Learn names and use them as often as possible. It helps people feel they belong when they hear their name spoken. Sharing a word or a pleasant greeting invites a person to respond kindly and increases their sense of security. It is the beginning of a conversation, and conversation leads to a feeling of ease, comfort, and familiarity.
Kind Dining® training educates your staff by giving them the knowledge to use in their daily actions of serving older adults.
It instills confidence they use to create a culture of belonging for new and all seniors in their community and develop that sense of belonging for themselves.
It develops the incentive to stay with a company that values them highly enough to invest in extended education, honing their skills, and the confidence in knowing the organization appreciates their work.
This confidence works and is a way to welcome new residents, to dissolve any feelings of isolation or the discomfort of moving into a new home.
Your staff can make people content knowing they chose the right senior living community to spend the last chapter of their lives.
Making new residents feel at home is the best possible bit of thoughtfulness they can do.
Kind Dining® training helps to reduce burn-out by helping people learn new skills, gain confidence, and value in what they do. They learn to manage their behavior and instill accountability.
Be ♥ Kind Tip: Your staff can help create the feeling of home for new residents.
Many friendships are formed and carried through long periods over the lunch/dinner table. ‘Let’s meet for lunch’ is a common phrase that indicates wanting to spend some time with a friend.
It’s nice to have lunch served to you but it’s the friendship that is the magnet. Even casual friendships are important to us. To share a meal with a friend, or potential friend, is a bonding moment. To hold business meetings over lunch forms friendships that break down barriers and continue to work long after the meal is finished and the table is cleared.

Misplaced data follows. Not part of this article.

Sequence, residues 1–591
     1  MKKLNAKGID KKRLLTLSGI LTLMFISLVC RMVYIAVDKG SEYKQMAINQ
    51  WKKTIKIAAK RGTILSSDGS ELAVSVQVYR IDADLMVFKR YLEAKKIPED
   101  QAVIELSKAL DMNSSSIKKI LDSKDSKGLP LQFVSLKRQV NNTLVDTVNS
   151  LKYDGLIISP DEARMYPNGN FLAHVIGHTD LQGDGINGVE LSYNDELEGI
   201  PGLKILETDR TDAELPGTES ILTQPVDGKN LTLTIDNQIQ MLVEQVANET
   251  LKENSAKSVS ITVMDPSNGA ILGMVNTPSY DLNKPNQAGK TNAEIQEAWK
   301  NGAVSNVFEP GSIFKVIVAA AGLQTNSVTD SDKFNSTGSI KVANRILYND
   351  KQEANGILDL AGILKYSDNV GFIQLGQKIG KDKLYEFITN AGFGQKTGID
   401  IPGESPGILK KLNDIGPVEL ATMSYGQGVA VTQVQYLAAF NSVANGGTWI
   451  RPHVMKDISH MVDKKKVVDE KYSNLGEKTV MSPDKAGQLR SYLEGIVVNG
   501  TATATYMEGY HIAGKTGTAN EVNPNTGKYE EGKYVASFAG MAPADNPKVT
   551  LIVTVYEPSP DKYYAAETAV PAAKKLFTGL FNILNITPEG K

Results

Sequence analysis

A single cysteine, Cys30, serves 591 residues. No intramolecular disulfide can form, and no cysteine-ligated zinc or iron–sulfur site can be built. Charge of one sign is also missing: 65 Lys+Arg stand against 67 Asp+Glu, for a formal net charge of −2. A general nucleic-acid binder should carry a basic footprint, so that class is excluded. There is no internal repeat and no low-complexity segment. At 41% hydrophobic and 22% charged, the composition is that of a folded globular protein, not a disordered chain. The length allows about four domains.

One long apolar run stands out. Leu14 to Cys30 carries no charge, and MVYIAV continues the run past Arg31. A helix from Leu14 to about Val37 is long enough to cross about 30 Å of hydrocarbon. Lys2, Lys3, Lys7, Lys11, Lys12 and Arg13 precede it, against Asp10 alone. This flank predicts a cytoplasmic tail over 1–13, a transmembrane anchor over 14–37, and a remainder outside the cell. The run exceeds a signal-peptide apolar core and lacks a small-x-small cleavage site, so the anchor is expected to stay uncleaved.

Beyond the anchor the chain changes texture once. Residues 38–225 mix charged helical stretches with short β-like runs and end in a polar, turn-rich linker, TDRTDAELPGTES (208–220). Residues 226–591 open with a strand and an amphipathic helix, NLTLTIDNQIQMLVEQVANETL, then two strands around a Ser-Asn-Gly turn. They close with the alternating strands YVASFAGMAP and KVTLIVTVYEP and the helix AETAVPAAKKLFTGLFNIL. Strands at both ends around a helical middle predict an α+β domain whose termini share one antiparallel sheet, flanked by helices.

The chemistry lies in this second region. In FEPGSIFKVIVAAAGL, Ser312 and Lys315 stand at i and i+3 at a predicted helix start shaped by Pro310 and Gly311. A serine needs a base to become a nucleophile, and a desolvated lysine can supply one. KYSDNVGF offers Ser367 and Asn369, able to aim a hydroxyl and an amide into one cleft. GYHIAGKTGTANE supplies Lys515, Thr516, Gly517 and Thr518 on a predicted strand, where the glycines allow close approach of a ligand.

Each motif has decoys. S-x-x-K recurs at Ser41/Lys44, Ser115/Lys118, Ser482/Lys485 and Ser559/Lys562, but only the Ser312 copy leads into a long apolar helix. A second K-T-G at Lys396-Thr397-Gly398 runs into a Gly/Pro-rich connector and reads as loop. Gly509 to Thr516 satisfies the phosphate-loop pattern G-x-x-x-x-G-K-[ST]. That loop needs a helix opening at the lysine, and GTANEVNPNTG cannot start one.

Forming friendships on the job is a vital part of having a smoother workday. We all know there are days when everything goes wrong.
Now picture going to that friend at work who is the very one to help you solve a problem and put you back on track. Friends who have been on the job years longer than you, can give you tips on how to do your work easier, with intention.
Sometimes a friend is like having an extra pair of hands. On the other hand, it is just as gratifying when you can be the friend to help your coworker. There is a particular feeling of attachment in your gut when you have extended yourself to help another.
There is a spring in your step as you prepare to go to work because you know you will see friends to greet you, exchange the latest news, and bring you up to date on any events.
Having kindness about you is beneficial when working in a senior or assisted living where you will be helping residents in one way or another. That same kind of attitude is an invitation to your coworkers for friendship. You all share the same work reality and that is powerful in forming friendships on the job.
It is easier to understand a dilemma that arises and discussing it is uncomplicated when you know you are all immersed in the same field. That also applies when you want to share happy news or accomplishments.
Who could better share the joy than someone who knows the situation? Your coworkers seek the same goals you do for the residents. When issues are shared it builds a better working relationship.
Unexpected friendships in the community create strength and a positive growth of self.
Kind Dining® training sessions open the doors for these friendships to form. Discussion and alliance as a team at work are encouraged.